Dylan C. Penningroth specializes in African American history and in U.S. socio-legal history. He is the author of Before the Movement: The Hidden History of Civil Rights (2023).  His first book, The Claims of Kinfolk: African American Property and Community in the Nineteenth-Century South (Chapel Hill: University of North Carolina Press, 2003), won the Avery Craven Prize from the Organization of American Historians. Penningroth has held fellowships from the National Endowment for the Humanities, the National Science Foundation, and the Stanford Humanities Center, and has been recognized by the Organization of American Historians’ Huggins-Quarles committee, a Weinberg College Teaching Award (Northwestern University), a McCormick Professorship of Teaching Excellence (Northwestern), and a MacArthur Foundation fellowship. Before joining UC Berkeley in 2015, Dylan Penningroth was on the faculty of the History Department at the University of Virginia (1999-2002), at Northwestern University (2002-2015), and a Research Professor at the American Bar Foundation (2007-2015).

Ula Yvette Taylor: Ula Taylor is a Professor of African American Studies and the 1960 Chair of Undergraduate Education.  She is the author of several books including the most recent The Promise of Patriarchy: Women and the Nation of Islam (2017). Her articles on African American Women’s History and feminist theory have appeared in numerous journals and edited volumes. In 2013 she received the Distinguished Professor Teaching Award for the UC Berkeley campus. Ula is most proud, however, of her former students who are transforming the field of Black Studies.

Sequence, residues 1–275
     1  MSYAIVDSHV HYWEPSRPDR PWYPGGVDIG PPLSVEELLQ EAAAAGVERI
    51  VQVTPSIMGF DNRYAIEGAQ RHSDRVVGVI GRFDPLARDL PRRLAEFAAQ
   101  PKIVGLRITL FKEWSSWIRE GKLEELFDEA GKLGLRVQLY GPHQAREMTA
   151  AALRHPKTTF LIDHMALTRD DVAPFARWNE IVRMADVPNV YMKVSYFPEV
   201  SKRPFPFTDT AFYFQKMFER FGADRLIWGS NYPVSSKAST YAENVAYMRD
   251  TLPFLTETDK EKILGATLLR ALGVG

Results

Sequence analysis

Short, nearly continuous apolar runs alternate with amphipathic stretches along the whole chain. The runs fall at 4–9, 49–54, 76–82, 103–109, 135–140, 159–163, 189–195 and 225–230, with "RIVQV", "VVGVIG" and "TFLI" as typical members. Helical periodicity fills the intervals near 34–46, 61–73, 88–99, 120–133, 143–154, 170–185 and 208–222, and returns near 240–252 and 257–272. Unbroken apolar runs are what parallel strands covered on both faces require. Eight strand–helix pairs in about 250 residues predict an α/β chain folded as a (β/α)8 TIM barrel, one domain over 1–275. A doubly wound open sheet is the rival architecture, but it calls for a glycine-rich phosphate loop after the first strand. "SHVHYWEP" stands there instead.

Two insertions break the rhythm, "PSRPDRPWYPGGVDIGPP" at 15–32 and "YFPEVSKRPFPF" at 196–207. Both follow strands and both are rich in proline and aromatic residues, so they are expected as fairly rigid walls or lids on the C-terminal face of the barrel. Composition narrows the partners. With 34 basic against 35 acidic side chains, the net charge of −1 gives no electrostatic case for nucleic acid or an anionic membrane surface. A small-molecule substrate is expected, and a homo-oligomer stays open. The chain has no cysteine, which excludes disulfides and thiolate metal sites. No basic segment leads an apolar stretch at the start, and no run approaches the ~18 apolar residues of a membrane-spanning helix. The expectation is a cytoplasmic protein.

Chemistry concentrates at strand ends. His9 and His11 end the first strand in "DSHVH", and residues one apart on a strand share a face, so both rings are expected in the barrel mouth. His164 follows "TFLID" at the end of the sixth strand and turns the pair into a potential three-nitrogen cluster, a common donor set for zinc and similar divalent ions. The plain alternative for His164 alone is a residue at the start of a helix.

Eric Schickler: Eric Schickler is Jeffrey & Ashley McDermott Professor of Political Science and co-Director of the Institute of Governmental Studies at the University of California, Berkeley. He is the author of six books, including Investigating the President: Congressional Checks on Presidential Power (2016, with Douglas Kriner) and Racial Realignment: The Transformation of American Liberalism, 1932-1965. Schickler was elected to the American Academy of Arts & Sciences in 2017.   

Waldo E. Martin Jr. (moderator), the Alexander F. and May T. Morrison Professor of American History and Citizenship at UC Berkeley, is the author of No Coward Soldiers: Black Cultural Politics in Postwar America (2005), as well as Brown v. Board of Education: A Short History With Documents (2021) and The Mind of Frederick Douglass (1985). He is a coauthor, with Mia Bay and Deborah Gray White, of Freedom on My Mind: A History of African Americans, With Documents (2021), and, with Joshua Bloom, of Black Against Empire: The History and Politics of the Black Panther Party (2016). With Patricia A. Sullivan, he coedited Civil Rights in the United States: An Encyclopedia (2000). Aspects of the modern African American freedom struggle and the history of modern social movements unite his current research and writing interests. He is currently completing A Change is Gonna Come: The Cultural Politics of the Black Freedom Struggle and the Making of Modern America.